separation, there had come to them a union of spirit which had gone far to
take away the bitterness of death.
Concerning Esther all was blank.
LOVE AND LOSS.
THERE was no reserve among the friends at Redhurst
now. Each knew the other's sorest trial and loss. Mr.
Vaughan's self-upbraidings found their counterpart in those of Mr.
The sorrow of both had in it that element of a haunting
regret which gives more of lasting desolation to the heart than anything
else; but, in its manifestions, Mr. Vaughan's grief was more like remorse.
He blamed himself for having urged Kate to go with her husband. If
he had but listened to her prayer, she would have been with him now,
instead of gone from him for ever. From the expressions which he let
fall, Constance could see how he was dwelling on this thought. It
was, indeed, rapidly prostrating him, both in body and mind. He had
presumed once more to take upon himself the direction of another's life,
and with what a result!—a result at once immediate and final.
It was a very dangerous channel of thought for a mind so
sensitive and distrustful of itself to pursue—one into which only such
minds are apt to fall. The self-sufficient of the world pass every
day, not over the dead bodies, but over the dead souls—dead to faith, and
hope, and charity—which they had helped to slay, murmuring, triumphantly,
"Am I my brother's keeper?" But such as Mr. Vaughan feel the
pressure of their responsibility for others to the furthest issues of
their lightest acts. He once confessed that he could not look a
beggar in the face and deny him an alms—as he felt bound to do, because
his reason condemned an indiscriminate charity—without being haunted by
the misgiving that the refusal might be one stroke more in the bitter
process of hardening a human heart.
It was no fanciful alarm which Constance felt, and
communicated to Mr. Carrington, when she found her father brooding on such
thoughts as these. Every feeling of self died out of her heart in
the intensity of her care for him, and she consulted Mr. Carrington as
freely as if he had been a brother; and in those dark days he proved
himself worthy of her trust. Always pervaded by a tender melancholy,
which formed the background on which the light of his intellect and fancy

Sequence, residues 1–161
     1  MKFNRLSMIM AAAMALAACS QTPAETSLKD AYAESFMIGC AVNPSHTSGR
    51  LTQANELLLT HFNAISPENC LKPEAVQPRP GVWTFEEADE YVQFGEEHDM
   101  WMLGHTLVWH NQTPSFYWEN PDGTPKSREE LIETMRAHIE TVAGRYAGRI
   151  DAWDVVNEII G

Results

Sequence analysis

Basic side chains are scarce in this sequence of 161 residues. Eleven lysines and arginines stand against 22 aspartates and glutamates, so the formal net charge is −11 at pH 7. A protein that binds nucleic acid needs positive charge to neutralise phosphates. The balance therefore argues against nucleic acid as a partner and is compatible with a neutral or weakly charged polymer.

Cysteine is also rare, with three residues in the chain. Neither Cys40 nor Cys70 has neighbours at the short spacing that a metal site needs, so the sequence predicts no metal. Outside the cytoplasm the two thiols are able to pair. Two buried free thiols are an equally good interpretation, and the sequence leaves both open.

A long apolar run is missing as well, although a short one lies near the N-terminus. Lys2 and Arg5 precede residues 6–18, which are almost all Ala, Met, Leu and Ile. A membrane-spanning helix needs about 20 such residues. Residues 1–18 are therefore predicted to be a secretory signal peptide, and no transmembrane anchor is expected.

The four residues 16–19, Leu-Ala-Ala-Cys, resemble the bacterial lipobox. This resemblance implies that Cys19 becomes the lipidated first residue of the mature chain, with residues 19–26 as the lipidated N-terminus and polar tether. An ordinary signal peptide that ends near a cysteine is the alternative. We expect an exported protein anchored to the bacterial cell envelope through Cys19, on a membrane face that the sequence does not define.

played, there was reason to fear that Mr. Vaughan's mind might sink into
"If I had but allowed her to stay," was the constant burden
of his thoughts. His intellect seemed to centre more and more on
that terrible "if." His fancy lost its spring; he sat like a man who
has been paralysed, looking straight before him, hour after hour—looking,
and yet seeing nothing. No wonder that Constance was alarmed.
Between Mr. Walton's strongly-marked mind, taking dark enough
views of life and human nature sometimes, but always at home in the region
of the practical and practicable, and that of Mr. Vaughan, there had
always been a slight dissonance. It now came out clearer than ever,
when the more sensitive spirit was rendered still more sensitive by
suffering. Mr. Walton did him harm, rather than good.
It was Mr. Carrington who proved Constance's best ally in
sustaining her father's spirit. Every hour he could spare he spent
with them, and in their service. He told Mr. Vaughan the story of
his love and loss, and of his everlasting regret. The part he had
played towards Esther, though a more passive one than that which Mr.
Vaughan had acted towards his daughter, was yet similar enough to allow of
a deep sympathy between the elder and the younger man. But their
natural positions seemed to have been reversed. It was the younger
who brought the power of a broadly Christian philosophy to bear upon their
It has been said that there was no reserve among the friends;
and there was none, except on the part of Constance, and that was the
sacred secret of her love, which she had buried in her heart, and which
seemed, somehow, to belong entirely to the past, and to make a part of its
sweetness, as well as of its pain. It gave her no pain in the
It was a lovely morning. Spring was abroad, filling the
garden with blossom and sunshine and song. And it was Sunday.
They were going to the village church together—father and daughter and
friend, and the two latter had stepped out into the garden a little before
the time. Constance was clad, for the first time, in black.